The building on Duncan Road which housed Pocahontas Pharmacy for decades, once again opened its doors to the public Thursday as Pocahontas Memorial Hospital Pharmacy. In addition to filling prescriptions and answering questions concerning medications, the pharmacy also has a gift shop and coffee shop.
The pharmacy has a familiar layout with the gift shop in front and the prescription counter to the back. The new coffee shop is located to the right of the counter and offers a menu of teas, coffees and baked goods.
Behind the prescription counter, and eager to serve the community, are Pharmacists Amy Kelley and Quin Hatfield.
“Actually, I went to school for biology and got my degree in biology at Alderson Broaddus,” Hatfield said. “I knew I wanted to work in healthcare, but I didn’t know how I could do that. It really interested me as to how different medications affect the body and how I can help people and still work in the community and interact with people, which is really big for me.
“I love community,” she continued. “I love learning about people. I love meeting new people, so it was just a perfect fit for me.”
Hatfield is originally from Moorefield, but moved to Pocahontas County with her husband, Anson, who is from the county.
Kelley has been a pharmacist in the county for years and is very familiar with the counter at this particular pharmacy. She is a county native and began her foray in pharmacy studies as a senior at Pocahontas County High School.
“I actually interned under Jim Burks in the original Pocahontas Pharmacy here, so I actually did some hours with him my senior year of high school,” she said. “I have had a love of healthcare, and I love the math and science that it requires.”
Both pharmacists have gone through a rigorous educational process in order to become well-versed in their field, and they are happy to share that knowledge. They encourage customers to ask questions or express any concerns they may have about their prescriptions.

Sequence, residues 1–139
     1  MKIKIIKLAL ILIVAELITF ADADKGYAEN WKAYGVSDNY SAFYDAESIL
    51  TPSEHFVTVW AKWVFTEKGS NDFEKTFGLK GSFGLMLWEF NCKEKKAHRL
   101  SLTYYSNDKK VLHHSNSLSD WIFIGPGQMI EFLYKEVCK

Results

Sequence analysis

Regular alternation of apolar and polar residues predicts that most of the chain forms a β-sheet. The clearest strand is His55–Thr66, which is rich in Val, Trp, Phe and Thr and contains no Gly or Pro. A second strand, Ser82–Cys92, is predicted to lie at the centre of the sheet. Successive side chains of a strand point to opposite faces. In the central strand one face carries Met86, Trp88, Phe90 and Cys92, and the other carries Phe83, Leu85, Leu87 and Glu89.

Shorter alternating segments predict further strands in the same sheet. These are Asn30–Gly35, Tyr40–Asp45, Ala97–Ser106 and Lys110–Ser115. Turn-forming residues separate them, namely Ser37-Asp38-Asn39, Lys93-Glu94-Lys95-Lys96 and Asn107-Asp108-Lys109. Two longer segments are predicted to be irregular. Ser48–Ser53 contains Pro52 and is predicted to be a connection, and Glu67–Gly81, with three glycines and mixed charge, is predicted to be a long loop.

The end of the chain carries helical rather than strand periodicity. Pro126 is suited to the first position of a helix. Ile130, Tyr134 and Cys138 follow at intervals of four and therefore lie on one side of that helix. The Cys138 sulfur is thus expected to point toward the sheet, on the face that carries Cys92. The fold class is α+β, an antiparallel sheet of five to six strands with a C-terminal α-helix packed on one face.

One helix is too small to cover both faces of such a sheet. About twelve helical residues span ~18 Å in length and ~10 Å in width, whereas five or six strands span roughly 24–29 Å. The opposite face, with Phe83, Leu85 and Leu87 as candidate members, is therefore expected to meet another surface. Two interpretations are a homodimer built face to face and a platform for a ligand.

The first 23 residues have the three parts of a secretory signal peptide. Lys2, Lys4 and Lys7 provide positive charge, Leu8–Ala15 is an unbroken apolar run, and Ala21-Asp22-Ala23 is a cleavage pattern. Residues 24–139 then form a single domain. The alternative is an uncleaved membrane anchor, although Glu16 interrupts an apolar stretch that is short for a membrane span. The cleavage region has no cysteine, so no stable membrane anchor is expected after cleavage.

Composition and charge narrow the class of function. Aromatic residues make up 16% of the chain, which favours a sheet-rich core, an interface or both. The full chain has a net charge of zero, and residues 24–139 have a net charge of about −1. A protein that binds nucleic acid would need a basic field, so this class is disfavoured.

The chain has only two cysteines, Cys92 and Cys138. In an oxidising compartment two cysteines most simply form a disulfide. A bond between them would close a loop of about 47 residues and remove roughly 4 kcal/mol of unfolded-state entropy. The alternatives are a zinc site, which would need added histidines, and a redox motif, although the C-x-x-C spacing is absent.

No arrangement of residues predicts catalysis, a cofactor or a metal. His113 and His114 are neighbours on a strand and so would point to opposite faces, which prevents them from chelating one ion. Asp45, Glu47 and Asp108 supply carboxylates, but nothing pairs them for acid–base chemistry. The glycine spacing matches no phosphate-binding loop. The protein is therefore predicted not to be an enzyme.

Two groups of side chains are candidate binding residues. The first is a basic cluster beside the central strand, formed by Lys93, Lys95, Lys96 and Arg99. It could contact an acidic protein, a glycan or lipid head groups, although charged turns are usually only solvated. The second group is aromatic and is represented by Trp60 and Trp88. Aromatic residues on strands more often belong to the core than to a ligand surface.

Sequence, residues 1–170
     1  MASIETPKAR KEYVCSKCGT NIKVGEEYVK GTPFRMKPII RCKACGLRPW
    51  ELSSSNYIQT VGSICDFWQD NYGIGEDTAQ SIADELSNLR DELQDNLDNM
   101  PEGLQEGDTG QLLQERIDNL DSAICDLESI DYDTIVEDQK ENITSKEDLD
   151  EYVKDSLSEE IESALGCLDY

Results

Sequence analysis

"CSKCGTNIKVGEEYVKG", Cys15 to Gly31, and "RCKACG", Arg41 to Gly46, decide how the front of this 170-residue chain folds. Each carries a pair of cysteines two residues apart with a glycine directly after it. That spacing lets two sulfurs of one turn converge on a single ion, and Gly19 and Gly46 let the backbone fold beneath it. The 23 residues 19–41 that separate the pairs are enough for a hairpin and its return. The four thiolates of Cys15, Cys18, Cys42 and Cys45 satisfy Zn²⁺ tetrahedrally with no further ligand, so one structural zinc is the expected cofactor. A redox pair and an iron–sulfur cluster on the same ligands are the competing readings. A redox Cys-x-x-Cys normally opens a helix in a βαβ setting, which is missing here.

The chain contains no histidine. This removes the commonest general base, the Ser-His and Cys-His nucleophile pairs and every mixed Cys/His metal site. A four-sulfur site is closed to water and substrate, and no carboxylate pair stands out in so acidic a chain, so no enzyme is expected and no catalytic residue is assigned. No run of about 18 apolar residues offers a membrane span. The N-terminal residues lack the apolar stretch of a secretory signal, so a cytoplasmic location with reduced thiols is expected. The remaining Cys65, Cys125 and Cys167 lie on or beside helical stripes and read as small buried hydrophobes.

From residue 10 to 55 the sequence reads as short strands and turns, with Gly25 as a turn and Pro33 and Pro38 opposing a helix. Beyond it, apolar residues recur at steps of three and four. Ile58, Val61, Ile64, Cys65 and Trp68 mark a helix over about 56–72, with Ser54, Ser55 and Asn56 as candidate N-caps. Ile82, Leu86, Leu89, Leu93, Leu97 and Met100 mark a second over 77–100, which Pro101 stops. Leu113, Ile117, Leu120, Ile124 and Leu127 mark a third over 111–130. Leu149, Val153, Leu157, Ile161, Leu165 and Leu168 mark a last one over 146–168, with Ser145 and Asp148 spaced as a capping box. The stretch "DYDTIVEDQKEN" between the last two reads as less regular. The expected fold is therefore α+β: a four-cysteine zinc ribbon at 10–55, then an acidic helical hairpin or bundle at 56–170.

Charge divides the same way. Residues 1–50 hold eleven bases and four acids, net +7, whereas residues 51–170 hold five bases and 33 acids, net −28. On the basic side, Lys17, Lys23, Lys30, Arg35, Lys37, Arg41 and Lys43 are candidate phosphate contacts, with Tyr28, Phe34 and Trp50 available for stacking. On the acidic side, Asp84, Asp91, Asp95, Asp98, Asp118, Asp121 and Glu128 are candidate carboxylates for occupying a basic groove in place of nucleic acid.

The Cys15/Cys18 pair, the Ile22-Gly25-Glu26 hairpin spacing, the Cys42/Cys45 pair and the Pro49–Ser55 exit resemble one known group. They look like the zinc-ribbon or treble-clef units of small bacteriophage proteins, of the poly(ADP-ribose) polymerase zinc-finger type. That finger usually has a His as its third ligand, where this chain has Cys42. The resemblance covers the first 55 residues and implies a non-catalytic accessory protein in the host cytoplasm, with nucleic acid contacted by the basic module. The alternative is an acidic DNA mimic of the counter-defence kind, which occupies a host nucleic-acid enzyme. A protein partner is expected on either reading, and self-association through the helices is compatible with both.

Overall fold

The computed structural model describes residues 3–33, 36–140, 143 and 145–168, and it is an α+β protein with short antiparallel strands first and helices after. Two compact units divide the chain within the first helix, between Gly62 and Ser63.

“I don’t think that the customers really realize how much goes into filling the prescription,” Kelley said. “We’re in the background checking allergies, checking against their other health conditions, checking interactions with their other medications. There are a lot of steps in the process.
“You might not know we’re doing all that, but we are a hundred percent paying attention to everything that’s going on,” she added.
Hatfield added that pharmacists are able to make recommendations to customers who are not seeing results with their medication.
“We are medication experts, so we can recommend – if something is not working for you – we can reach out to your provider [on your behalf],” she said. “I feel like that’s a big thing we can do. It’s not necessarily that we’re prescribing it or we’re diagnosing anything. It’s just us saying if this isn’t working, here’s another option.”
When PMH announced in April that it would be opening a pharmacy for the public, Kelley was part of the planning committee and said the main focus was on customer service.
“When we sat down and did the planning for this pharmacy, our main focus was the customers,” she said. “We wanted to be completely user friendly. That’s our main goal, to help people. If they need me to call a doctor, I can call a doctor. If they need me to call insurance, I can do that.
“We’re going to try to go above and beyond for that customer service,” she added.
The PMH Pharmacy is open Monday through Friday, 8 a.m. to 6 p.m. For more information, call 304-799-1077.